Game mechanics are wholesome and simple. Pick a card and test each one of your companions, placing bets on who can guess the approximate date of a quirky historical event. You might end up 50 years off, but it won’t matter if everybody else got the wrong century.
Roborally started as a side-project for legendary game house Wizards of the Coast, the creators of timeless classics, such as Dungeons and Dragons and Magic: the Gathering.
This game takes place in a robot factory, and each player will have to play a fighting robot trying to escape their assembly line. You’ll have a line of commands at your disposal and will have to traverse a terrain full of hidden traps, conveyor belts, and the occasional hit-and-run attempt by your fellow robots. Stop for repairs or accumulate new weapons at your own peril. Only the first one to hit all the checkpoints will make it out alive.
This is a board game about a fantasy drinking game – or a drinking game with added elves, spells, and feisty wenches, depending on how you are tackling the experience.
Red Dragon Inn is a favorite haunt of hotheaded adventurers and deadly warlocks, the perfect place to flex your muscles after the adventure is done and to scam your old partners out of their hard-earned money. Call for rounds of shots, gamble, avoid alcohol poisoning, and make sure they don’t stick you with the tab, just like in real life.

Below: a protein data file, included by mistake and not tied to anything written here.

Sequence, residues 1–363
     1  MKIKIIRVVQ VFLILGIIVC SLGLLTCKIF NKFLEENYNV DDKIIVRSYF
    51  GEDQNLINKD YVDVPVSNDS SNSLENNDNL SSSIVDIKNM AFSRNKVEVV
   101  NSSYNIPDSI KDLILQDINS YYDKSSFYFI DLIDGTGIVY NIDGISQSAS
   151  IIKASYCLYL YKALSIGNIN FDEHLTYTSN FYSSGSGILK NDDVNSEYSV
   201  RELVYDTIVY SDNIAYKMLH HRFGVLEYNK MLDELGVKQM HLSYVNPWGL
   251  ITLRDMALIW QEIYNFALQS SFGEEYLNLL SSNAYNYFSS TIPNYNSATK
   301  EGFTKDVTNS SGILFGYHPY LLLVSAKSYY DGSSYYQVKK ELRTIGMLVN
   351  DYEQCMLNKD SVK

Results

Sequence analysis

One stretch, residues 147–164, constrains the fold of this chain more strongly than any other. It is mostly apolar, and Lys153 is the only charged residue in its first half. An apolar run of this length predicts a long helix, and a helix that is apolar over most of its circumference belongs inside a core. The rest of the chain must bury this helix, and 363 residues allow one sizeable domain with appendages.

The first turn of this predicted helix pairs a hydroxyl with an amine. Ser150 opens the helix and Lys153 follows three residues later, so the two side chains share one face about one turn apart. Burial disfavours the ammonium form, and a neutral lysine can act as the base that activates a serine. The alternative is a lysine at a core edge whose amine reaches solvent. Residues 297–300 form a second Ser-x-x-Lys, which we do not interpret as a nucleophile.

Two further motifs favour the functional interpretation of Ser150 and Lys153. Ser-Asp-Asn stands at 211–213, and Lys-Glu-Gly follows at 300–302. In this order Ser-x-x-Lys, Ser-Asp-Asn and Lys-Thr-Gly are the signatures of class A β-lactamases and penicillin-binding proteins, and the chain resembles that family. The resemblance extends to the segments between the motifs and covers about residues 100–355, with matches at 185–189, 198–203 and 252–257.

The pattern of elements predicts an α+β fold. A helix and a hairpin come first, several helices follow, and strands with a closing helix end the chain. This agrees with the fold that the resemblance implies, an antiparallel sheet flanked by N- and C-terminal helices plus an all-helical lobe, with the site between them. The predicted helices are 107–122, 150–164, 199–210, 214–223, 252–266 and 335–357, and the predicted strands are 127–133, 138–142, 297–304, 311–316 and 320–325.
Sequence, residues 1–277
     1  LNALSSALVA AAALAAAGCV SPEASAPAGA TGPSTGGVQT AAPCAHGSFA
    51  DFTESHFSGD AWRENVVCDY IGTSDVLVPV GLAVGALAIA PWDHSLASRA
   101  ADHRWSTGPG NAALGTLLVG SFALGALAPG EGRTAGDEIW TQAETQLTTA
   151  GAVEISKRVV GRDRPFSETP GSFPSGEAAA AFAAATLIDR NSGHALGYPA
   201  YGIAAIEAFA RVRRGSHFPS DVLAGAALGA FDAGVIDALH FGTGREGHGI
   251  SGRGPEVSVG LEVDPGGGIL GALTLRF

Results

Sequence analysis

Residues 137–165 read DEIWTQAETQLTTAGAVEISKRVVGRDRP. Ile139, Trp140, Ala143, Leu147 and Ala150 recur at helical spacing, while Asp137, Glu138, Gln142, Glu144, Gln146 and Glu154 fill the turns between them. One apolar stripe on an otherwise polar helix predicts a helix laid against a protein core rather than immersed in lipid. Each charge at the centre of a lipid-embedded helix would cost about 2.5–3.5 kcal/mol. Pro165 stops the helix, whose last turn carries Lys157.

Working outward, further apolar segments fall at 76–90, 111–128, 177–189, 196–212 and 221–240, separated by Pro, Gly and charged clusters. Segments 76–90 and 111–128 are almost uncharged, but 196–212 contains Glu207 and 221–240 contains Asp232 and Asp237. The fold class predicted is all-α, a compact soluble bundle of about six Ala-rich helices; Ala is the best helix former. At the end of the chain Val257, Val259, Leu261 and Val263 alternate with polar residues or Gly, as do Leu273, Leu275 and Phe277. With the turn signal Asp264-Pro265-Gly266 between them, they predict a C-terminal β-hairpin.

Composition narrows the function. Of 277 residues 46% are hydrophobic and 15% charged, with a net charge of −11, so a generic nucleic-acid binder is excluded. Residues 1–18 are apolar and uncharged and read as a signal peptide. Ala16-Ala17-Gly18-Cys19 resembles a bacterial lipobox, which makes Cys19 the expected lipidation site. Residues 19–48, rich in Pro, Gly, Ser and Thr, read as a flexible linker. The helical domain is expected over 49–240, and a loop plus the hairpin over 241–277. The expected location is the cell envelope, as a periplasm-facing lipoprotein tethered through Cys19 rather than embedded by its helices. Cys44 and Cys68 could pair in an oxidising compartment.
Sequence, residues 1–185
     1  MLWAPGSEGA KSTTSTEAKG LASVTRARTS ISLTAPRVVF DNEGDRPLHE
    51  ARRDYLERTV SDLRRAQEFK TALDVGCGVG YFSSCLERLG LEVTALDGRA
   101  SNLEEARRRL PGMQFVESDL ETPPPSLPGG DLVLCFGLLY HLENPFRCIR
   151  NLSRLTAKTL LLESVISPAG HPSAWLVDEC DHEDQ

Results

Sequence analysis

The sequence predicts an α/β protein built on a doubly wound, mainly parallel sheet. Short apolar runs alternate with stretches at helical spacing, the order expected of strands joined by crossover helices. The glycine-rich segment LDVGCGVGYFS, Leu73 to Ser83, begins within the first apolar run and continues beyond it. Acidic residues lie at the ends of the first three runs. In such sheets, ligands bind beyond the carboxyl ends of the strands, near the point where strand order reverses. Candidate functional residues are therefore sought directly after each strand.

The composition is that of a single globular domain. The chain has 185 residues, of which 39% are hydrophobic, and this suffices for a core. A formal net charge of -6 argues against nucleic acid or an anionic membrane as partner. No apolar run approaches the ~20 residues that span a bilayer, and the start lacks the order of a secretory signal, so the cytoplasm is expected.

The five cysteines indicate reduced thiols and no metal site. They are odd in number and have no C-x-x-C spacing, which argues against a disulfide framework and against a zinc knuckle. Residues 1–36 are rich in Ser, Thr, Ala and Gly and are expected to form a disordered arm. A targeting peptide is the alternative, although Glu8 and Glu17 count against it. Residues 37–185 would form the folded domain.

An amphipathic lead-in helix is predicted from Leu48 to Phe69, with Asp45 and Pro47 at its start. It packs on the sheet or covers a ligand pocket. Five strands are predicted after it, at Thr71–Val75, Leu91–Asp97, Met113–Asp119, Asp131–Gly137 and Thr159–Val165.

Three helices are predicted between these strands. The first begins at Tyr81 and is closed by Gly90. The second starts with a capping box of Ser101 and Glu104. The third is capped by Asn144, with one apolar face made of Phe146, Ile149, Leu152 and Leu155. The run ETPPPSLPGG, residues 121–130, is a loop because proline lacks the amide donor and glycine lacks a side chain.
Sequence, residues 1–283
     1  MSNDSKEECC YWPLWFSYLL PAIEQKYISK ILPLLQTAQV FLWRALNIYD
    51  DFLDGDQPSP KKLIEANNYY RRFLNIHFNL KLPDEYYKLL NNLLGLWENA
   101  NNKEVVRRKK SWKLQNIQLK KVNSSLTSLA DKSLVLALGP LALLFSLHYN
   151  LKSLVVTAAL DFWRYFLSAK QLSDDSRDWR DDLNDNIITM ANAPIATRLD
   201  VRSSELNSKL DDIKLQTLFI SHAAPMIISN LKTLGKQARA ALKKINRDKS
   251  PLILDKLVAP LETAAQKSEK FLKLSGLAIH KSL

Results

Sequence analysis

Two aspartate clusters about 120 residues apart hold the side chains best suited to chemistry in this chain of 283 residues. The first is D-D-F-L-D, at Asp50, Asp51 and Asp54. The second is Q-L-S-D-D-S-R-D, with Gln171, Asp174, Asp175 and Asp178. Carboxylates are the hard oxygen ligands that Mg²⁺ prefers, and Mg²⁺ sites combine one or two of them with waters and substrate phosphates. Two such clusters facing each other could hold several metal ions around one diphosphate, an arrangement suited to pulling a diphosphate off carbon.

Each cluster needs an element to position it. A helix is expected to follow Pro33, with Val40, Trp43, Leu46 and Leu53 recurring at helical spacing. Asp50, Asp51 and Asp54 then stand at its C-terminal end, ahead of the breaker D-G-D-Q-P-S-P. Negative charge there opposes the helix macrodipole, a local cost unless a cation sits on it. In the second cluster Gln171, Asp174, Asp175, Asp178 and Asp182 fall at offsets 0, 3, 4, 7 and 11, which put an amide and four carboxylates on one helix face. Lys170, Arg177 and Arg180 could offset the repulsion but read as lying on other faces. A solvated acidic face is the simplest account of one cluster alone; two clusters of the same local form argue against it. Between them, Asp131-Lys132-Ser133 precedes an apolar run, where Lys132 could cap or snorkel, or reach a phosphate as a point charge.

The government has fallen, and the last rebel cells are trying to sabotage the corrupt new regime to bring back freedom. However, one in your team is a secret collaborator – and it will take between 5 and 10 of your quickest-minded friends to figure out who is leaking your future plans to the Dictatorship.
In the meantime, you can see some of your comrades get caught, killed, or falsely accused. This would have been the premise of a great immersive video game, but turned into a board game, it scraps the special effects down to the basics and leaves you doubting your own shadow.
If you are looking for a short and dirty session with a group of under five people, why not try an old-school Mexican Standoff? Bang! the Dice Game uses a basic set of cards and a unique set of dice to try to bring law and order back to a Wild West town. Criminals, cowboys, and a sheriff will have to fight to the death – complete with the chance to mimic a shooting or an arrow in the knee. Only the last man standing will get to see the next day. In addition to its roleplaying potential, the game keeps the rules simple but the possibilities ample.
Before he came face-to-face with Robin Hood, the Sheriff of Nottingham had a long and illustrious career as a corrupt official and local tyrant. In Sheriff of Nottingham, you can get the golden opportunity to rob him of his takes, smuggle goods for the future revolution, or tattle on the other Merry Men to score a few extra points (or the chance to turn a profit).
This game includes well-known characters and a dynamic bluff-and-barter option, which can quickly turn into a commercial proxy war or a full-blown bribe, depending on how your friends choose to play.